On the heels of the successful “K.G.F: Chapter 1” and following a rather lengthy COVID-19 delay, writer-director Prashanth Neel delivered the second chapter of his two-part action-fueled crime saga. The highly anticipated sequel is the most expense Kannada-language film ever made and currently stands as the highest grossing Kannada-language movie of all-time. After finally seeing it, I can understand why.
Not only does Chapter 2 have a bigger budget, but it also has a bigger scope. Everything about it feels larger and the stakes are most certainly higher. But most importantly, the second chapter sticks to the same wild, over-the-top blueprint – high on style, heavy on action, and still driven by the powerhouse presence of its charisma-oozing star, Yash. And while Neel runs into some of the same problems as he did with the first film, they’re not nearly as pronounced this time around. He tightens up the storytelling and he does a better job with some of his characters – two slight beefs I had with Chapter 1.
If you remember, the first film was built around a veteran reporter and author, Anand Ingalagi (Anant Nag) being interviewed by television journalist Deepa Hegde (Malavika Avinash). After having his book banned by the Indian government, Anand comes to the television station to share his story which the Prime Minister (Raveena Tandon) is determined to erase. Chapter 2 uses that same framing device but with a twist.
After suffering a sudden stroke, Anand lies in intensive care unable to finish his story. While at the hospital, Deepa meets Anand’s son Vijayendra (Prakash Taj) who tells them his father was obsessed with the story of the Kolar Gold Fields (K.G.F.) and the rise to power of a renowned assassin named Rocky (Yash). Despite their troubled family history, Vijayendra insists that the rest of his father’s story be told. So he takes Deepa and her crew to his father’s library where they begin piecing together the second half of Anand’s tale.
From there we shift to the story of Rocky who (after killing the ruthless Garuda in Chapter 1) has taken over as the new boss of the K.G.F. He now runs the most precious piece of land on earth, funneling gold through the black market and amassing enormous wealth. It’s all in keeping with a pledge he made to his ailing mother when he was a child. While on her deathbed, she makes Rocky pledge to one day become rich and powerful so that people would remember his name. It’s what drives his out-of-control hunger for more.
Despite having dirty hands, Rocky is loved by the miners and their families, winning their adoration by supplying them clothing and building them homes. While the adults praise his benevolence, the children herald him as a superhero. But there are forces on the outside who are unhappy with Rocky’s ascension. So he does what anyone would do in his situation – he builds an army to protect his empire.
Meanwhile, outside of the K.G.F. walls, the five crime bosses who hired Rocky in the first film now begin plotting against him. They don’t like than an outsider has disrupted their enterprise, and they’re not giving it up without a fight. At the same time, Rocky is branded “the biggest criminal in India” by the self-serving Prime Minister Ramika Sen who’s willing to use the full resources of the government to shut him down. But there’s a new player in the game; a violent wild card no one saw coming – Adheera (Sanjay Dutt), the brother of the ruthless kingpin Rocky killed in the first film.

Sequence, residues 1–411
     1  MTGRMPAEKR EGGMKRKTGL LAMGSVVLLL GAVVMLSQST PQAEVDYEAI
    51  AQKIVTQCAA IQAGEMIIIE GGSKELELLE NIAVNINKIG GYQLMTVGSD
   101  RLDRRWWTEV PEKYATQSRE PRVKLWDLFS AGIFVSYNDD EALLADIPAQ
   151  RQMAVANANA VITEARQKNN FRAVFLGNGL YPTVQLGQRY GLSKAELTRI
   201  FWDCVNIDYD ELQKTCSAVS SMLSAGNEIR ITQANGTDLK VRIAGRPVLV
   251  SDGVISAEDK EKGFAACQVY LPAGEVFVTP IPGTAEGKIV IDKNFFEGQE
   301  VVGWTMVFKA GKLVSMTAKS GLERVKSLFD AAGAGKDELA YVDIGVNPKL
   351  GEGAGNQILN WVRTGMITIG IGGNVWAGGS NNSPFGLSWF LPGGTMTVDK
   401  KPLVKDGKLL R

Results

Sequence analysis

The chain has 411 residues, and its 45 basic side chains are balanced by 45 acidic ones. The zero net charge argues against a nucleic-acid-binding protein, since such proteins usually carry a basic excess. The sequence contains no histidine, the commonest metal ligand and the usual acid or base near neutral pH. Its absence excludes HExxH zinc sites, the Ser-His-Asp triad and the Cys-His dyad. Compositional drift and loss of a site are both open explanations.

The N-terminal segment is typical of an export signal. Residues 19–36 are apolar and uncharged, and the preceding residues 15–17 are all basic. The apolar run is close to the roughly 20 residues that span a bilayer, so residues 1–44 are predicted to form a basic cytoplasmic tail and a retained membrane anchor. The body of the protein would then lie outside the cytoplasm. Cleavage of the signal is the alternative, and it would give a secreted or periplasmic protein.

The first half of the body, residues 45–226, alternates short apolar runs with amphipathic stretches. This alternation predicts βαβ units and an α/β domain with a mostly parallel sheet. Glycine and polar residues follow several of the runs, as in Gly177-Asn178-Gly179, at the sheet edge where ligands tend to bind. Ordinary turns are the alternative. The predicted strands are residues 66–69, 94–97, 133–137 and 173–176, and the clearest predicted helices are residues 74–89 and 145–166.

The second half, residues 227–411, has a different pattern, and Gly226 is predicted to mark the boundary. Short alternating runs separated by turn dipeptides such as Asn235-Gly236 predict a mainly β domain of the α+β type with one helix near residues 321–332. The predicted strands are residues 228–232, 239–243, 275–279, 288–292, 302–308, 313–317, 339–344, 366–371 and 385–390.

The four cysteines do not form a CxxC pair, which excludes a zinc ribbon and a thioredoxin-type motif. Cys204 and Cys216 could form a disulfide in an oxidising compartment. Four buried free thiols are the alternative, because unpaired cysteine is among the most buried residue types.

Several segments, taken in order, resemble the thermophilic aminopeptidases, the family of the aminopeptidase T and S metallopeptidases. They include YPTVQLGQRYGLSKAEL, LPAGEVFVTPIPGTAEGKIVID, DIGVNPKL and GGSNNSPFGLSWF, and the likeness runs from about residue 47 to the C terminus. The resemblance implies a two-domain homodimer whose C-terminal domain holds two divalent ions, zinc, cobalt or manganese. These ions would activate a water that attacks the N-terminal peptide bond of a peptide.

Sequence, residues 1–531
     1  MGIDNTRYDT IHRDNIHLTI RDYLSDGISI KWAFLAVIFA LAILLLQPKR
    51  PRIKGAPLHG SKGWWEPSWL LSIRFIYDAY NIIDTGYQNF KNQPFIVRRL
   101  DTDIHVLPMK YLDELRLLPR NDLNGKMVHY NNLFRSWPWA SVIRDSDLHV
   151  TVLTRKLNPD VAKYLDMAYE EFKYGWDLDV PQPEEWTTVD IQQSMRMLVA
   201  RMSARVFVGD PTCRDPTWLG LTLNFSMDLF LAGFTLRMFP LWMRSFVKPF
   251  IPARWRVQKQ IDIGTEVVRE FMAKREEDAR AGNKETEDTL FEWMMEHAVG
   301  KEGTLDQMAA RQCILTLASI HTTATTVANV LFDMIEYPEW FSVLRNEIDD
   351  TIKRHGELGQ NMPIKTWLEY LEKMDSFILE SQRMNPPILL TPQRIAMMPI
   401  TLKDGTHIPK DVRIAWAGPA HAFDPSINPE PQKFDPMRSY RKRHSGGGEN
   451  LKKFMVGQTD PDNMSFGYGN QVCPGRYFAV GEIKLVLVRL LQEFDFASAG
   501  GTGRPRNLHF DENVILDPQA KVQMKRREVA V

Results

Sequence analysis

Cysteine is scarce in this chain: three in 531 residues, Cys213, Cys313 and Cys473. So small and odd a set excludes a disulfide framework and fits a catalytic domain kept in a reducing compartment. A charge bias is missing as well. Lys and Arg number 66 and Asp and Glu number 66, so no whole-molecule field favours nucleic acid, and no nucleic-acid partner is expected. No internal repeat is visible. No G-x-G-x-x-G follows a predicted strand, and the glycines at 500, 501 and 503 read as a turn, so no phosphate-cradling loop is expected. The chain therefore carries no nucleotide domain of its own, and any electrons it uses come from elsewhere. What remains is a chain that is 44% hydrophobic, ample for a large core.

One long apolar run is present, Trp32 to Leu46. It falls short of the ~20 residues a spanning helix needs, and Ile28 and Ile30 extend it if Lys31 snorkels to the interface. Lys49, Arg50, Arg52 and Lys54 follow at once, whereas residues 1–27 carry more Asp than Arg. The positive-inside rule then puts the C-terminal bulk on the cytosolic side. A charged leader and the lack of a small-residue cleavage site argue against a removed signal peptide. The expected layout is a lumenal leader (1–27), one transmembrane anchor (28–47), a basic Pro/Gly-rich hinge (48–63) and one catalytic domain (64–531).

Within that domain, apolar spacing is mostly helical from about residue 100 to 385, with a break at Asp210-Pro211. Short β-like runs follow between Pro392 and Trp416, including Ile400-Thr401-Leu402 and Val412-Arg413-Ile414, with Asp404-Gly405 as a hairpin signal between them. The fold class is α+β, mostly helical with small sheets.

As I’m sure you expect, all of these combustible elements lead to some insanely fun action sequences as Rocky defends his fortune from all sides. Yash’s unmatched (and often hilarious) bravado energizes the fight sequences and shootouts, and returning DP Bhuvan Gowda once again shoots him as a near mythological force of nature. It’s the same unique visual language from the first film, but with crisper editing and even more ambitious. That means we get action scenes that are bigger, crazier, and always stunning to look at. But not all the action involves fists, guns, or explosives. Yet even then, Rocky always seems to be one step ahead of his enemies.
One of my biggest gripes about the first film was its handling of Srinidhi Shetty’s character, Reena, Rocky’s alleged love interest. I say “alleged” because there was no warmth between them whatsoever. And Shetty was quickly pushed into the background and forgotten. She makes for a more interesting presence in Chapter 2 and has a pretty significant role to play in the second half. Reena still isn’t as fleshed out as I had hoped, but at least she finally feels like a part of the story.
“K.G.F: Chapter 2” embraces the best things from the first film while correcting some of its missteps. Together, the two films make for a delightfully cohesive pair. Neel uses our love for legend to tell his story the same way we often do when talking about our heroes – with as much imagination as certitude. This dance between myth and truth is a big part of makes these movies tick. Chapter 1 gave us a good taste of it. Chapter 2 took the concept and ran with it. “K.G.F: Chapter 2” is available to stream on Amazon Prime Video.